The PKK terrorist group's Syrian offshoot, the Democratic Union Party (PYD) and its armed wing the People's Protection Units (YPG), have said that without the ideologies of the PKK's convicted leader Abdullah Öcalan, the YPG would not be what it is today. The comments were made by the PYD and the YPG on a video released Sunday as it responded to the U.S. criticism of the groups for hanging banners with Öcalan's pictures in Raqqa, Syria last week. Even though the PKK is recognized as a terrorist group by the U.S., the European Union, and Turkey, Washington provides military support to the Syrian Democratic Forces (SDF), which is predominantly led by the YPG, under the pretext of fighting Daesh in Syria.
In the controversial video, circulated by the YPG press office Sunday, YPG terrorists credited Öcalan's "ideology" in its battle against Daesh in Raqqa and rebuffed U.S.-criticism.
"All the victories, developments and gains achieved here are the results of a great battle that is based on his opinions and philosophy. If his ideological power hadn't been with us, we wouldn't know what to do in such situations," said one of the terrorists in the video.
"Raqqa and other Daesh-occupied cities could never have been rescued from the darkness," another terrorist added.
On Saturday, the U.S. Embassy in Turkey issued a statement reiterating its misgivings about Öcalan, in an apparent response to criticism from the Turkish government over the banners.
"The PKK is listed among foreign terror organizations. Öcalan has been jailed in Turkey for his actions related to the PKK. He is not a person to be respected," it said.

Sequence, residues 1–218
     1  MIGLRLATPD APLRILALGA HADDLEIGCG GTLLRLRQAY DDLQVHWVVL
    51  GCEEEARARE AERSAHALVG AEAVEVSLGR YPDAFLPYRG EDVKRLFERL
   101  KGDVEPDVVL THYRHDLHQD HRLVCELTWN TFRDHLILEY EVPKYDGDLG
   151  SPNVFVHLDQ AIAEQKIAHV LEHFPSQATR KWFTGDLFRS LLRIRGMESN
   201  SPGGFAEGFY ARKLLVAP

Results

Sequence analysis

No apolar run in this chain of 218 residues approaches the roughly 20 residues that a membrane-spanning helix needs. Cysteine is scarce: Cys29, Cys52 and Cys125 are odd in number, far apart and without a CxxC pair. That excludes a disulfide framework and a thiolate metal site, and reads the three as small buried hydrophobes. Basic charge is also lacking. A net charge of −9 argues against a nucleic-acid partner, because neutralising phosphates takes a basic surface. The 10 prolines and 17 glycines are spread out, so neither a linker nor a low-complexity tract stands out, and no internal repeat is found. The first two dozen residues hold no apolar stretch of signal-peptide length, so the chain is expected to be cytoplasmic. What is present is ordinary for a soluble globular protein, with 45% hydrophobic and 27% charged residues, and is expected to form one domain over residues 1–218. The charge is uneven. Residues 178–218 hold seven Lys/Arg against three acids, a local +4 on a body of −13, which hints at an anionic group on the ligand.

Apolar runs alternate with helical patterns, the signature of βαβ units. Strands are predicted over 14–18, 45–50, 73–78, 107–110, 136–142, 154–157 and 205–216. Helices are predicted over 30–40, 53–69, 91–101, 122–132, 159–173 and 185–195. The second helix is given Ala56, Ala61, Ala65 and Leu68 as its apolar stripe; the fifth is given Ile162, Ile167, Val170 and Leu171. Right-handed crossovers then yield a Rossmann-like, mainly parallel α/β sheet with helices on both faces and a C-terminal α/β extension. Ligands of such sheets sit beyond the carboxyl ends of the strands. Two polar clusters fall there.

"We have been clear that the liberation of Raqqa is an accomplishment for all Syrians and we expect all parties to avoid actions that would be seen as offensive or create tensions," it added.
A similar statement was released Friday night by the U.S. State Department as spokesperson Heather Nauert underlined the importance of cooperation between Turkey and the U.S. in the fight against terrorism.
The statements come after a huge banner of the jailed terrorist leader was displayed by the PKK/PYD in the Syria's Raqqa Thursday after the city was cleared off Daesh presence.
In a declaration of their Raqqa victory, the PKK/PYD also released a video dedicating the triumph to Öcalan, who founded the PKK in 1978.
Although the U.S. remained quiet over the issue at first, it broke the silence following criticism by President Recep Tayyip Erdoğan and other Turkish officials.
Multiple U.S. officials have so far condemned the move, expressing Washington's displeasure over banners and images featuring such "divisive" symbols.
According to Reuters, Öcalan's influence runs deep in the PYD-led regions that have emerged in northern Syria since its civil war began in 2011.
It also reported that "steps were underway to establish a new political system based on his ideas about federalism and local democracy."
Another terrorist, who identified himself as a Canadian national by the name of Hozan Kobane said the U.S. government's position on Öcalan was "a mistake" and "a bit behind the times."
Since the PKK launched its terror campaign against Turkey in 1984, tens of thousands of people, mostly civilians, have lost their lives in attacks carried out by the group.